“I owe you,” she said as she and her mentor shared a laugh over a post-run breakfast one morning.

“It’s not like you’re the only one who’s benefiting. Got some time to talk later?”


“With Top Rank, Golden Boy, and a bunch of the smaller operations calling, we need to discuss promoters.”

“Can we talk about something else tonight?”

“Such as?”

“I want to take you out to dinner to say thanks.”

Training went on hiatus that evening at a place not far from the Azteca Gym called La Casita Mexicana. Starting with rounds of margaritas accompanied by chips with three salsas, then on through soup, fish, and a hearty helping of churros, two people who had begun as adversaries, then had moved on to a mentor-student relationship, relaxed in each others’ company as never before.

The warmth continued when they got back to Rayo’s apartment, where what had been strictly platonic grew quickly, yet comfortably, into intimacy.

When Sandra and Rayo awakened before dawn, instead of feeling embarrassment or regret, the two of them seemed closer than they would have imagined possible. Happily, that feeling persisted during their morning run and their afternoon workout, then into the days that followed.

With more and more attention coming Sandra’s way as talks began for her first ten-round fight, she was elated when an unexpected call came from her Dad.

“Buy you lunch on Saturday?” he asked. A date was set at a Shanghai restaurant in San Gabriel. There, Sandra’s father showed up looking sheepish.

“Your Mom feels bad,” he said after they ordered Sandra’s favorite dishes, including what she referred to as fish “beignets,” plus tofu skins with a strange Chinese green, and chicken with chestnuts.

“So do I.”

“She’s old-fashioned.”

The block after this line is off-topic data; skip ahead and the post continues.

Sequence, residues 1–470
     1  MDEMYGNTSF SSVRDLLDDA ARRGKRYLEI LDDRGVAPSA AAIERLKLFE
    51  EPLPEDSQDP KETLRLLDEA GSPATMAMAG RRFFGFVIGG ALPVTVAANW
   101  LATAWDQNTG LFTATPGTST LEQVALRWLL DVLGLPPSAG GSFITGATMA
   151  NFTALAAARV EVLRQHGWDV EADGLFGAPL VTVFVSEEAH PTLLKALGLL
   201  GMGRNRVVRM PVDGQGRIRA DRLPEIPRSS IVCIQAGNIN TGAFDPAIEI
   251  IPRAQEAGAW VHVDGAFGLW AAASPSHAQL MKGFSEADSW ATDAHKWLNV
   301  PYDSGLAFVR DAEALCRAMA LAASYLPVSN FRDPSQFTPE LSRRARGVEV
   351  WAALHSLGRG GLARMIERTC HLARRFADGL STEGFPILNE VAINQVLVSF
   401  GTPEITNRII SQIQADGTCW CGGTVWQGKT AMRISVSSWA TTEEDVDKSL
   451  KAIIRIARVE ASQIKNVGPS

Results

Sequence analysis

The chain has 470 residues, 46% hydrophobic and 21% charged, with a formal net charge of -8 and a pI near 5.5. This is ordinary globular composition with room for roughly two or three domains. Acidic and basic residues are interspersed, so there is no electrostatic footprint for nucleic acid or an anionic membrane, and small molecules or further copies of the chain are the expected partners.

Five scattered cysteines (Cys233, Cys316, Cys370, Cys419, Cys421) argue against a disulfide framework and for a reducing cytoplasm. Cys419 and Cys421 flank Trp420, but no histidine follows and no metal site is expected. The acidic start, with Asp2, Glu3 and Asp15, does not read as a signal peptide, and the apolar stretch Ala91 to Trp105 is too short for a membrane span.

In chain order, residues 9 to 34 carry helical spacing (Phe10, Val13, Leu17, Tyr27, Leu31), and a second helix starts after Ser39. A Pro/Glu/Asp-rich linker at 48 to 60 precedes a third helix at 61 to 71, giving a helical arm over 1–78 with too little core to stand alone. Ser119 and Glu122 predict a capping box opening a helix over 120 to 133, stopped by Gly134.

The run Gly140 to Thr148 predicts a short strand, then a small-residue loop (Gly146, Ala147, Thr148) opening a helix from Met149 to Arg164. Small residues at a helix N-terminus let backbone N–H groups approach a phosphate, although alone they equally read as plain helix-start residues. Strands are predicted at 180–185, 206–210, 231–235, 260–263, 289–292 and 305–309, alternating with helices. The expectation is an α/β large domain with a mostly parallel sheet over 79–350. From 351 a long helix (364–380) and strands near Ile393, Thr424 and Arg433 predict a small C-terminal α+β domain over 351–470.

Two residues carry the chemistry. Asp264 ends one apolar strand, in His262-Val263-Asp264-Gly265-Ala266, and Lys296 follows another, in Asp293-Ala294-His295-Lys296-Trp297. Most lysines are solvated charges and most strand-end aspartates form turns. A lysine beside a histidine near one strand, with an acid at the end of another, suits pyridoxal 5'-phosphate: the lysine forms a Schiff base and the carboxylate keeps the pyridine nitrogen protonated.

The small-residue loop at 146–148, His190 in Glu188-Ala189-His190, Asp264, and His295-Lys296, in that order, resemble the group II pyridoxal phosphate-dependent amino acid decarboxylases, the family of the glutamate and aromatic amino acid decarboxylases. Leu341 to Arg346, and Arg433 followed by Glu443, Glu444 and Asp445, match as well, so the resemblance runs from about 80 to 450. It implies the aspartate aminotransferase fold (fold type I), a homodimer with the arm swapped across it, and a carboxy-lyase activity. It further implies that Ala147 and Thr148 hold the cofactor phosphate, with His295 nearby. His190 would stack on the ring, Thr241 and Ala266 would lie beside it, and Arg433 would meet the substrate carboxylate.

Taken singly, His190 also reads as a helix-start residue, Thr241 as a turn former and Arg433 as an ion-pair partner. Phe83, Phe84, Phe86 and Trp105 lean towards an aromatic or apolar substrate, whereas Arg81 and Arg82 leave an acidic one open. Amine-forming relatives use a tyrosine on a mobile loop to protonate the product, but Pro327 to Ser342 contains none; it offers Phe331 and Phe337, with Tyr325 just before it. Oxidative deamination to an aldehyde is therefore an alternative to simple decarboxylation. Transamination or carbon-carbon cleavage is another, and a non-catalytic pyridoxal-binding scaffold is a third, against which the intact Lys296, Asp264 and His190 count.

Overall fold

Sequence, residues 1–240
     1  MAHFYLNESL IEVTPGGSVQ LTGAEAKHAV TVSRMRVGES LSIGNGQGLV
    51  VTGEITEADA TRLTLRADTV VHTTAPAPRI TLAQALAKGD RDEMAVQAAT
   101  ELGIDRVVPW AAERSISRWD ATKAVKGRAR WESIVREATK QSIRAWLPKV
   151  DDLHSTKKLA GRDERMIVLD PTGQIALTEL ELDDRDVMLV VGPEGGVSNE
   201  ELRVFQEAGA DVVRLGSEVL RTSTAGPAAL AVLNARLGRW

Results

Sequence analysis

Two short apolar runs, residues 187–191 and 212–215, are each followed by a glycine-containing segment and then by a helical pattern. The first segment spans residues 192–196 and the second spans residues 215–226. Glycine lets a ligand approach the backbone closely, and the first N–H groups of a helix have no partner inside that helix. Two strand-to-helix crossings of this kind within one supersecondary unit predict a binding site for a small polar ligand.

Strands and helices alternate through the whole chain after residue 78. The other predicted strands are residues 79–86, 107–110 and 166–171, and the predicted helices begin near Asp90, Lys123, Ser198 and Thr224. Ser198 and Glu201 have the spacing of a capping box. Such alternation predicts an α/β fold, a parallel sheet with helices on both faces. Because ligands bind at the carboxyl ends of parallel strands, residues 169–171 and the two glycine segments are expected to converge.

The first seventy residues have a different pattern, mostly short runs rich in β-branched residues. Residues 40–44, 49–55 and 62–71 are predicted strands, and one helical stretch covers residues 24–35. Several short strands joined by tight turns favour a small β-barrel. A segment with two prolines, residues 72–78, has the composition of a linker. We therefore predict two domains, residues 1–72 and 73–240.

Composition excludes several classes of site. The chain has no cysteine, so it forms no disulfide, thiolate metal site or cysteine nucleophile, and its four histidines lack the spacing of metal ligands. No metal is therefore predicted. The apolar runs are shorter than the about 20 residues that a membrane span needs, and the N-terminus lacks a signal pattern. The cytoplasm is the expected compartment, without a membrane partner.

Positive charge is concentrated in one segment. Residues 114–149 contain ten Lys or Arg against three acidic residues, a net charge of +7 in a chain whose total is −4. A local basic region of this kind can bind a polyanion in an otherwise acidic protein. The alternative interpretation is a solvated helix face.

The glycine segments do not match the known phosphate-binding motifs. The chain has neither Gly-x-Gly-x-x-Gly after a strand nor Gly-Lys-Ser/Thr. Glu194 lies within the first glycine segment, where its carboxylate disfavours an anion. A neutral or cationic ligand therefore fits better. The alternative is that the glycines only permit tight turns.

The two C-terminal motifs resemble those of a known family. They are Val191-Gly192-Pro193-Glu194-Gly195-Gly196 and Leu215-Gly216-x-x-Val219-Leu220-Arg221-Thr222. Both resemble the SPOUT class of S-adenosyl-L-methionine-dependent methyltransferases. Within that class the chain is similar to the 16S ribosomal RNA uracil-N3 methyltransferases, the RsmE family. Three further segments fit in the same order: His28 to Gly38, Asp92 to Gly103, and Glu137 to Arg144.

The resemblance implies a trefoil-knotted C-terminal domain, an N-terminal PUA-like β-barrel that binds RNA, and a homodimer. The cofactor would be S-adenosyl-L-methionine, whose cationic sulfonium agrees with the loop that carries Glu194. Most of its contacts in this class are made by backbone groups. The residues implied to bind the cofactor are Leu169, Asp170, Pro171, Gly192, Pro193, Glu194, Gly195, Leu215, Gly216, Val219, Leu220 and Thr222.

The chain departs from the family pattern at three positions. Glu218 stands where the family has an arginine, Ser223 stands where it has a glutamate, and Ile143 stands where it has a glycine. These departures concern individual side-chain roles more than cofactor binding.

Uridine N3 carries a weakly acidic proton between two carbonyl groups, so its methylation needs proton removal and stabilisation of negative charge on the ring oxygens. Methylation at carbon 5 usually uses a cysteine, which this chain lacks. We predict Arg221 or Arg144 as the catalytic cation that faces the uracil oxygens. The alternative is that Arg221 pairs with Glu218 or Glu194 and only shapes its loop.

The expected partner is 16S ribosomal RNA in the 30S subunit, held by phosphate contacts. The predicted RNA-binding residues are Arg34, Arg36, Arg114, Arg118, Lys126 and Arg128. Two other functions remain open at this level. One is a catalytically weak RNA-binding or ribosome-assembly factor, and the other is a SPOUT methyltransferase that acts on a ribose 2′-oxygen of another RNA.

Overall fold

“No kidding.”

“But she’s trying to change. If, that is, you’re willing to accept her.”

“Of course,” Sandra stated with a combination of relief and joy as a steaming platter of dumplings arrived.

With her sister Elida having made the decision to attend Berkeley, her family rallying behind her, and her romance with Rayo adding yet another unexpected dimension to her life, Sandra felt that, for the first time in her entire life, she was following a path entirely of her own choosing. Not that she allowed herself the luxury of indulging in much reverie while prepping with greater zeal than ever for a ten-rounder against a veteran opponent who went by “Bonecrusher” Bonnie Barnes.

Handling the media with new-found aplomb, she signed on with a promoter, who promptly started discussing the path to a title.

Life, therefore, was filled with positives in a way that previously would have seemed unthinkable when the time arrived for Sandra’s mandatory pre-fight physical. There, after her height, weight, and blood pressure were taken, she was checked over by a doctor, who proceeded to shock her.

“Please go through the door on your left,” he announced.

“There’s got to be a mistake.”

“Why would you think that?”

“Because that’s for the gals who are pregnant.”


“B-but –”

A wave of painful and difficult thoughts hit Sandra harder than any opponent as she considered the consequences. Unless she was willing to go completely against her upbringing and beliefs, indeed everything that had come to define being a Latina in her family and her community, the fight would have to be called off.

With it, at least for the next year or so, would go dreams that heretofore seemed impossible. Which meant losing, or at least deferring, the road toward a hoped-for championship.

But worst of all was the sense that unless the doctor was completely wrong, the man who served as her mentor, trainer, and lover, had lied when discussing his so-called vasectomy.

“How could this be?” Sandra wondered, all too painfully and vividly aware that there was no means to slug her way out of the situation she was in.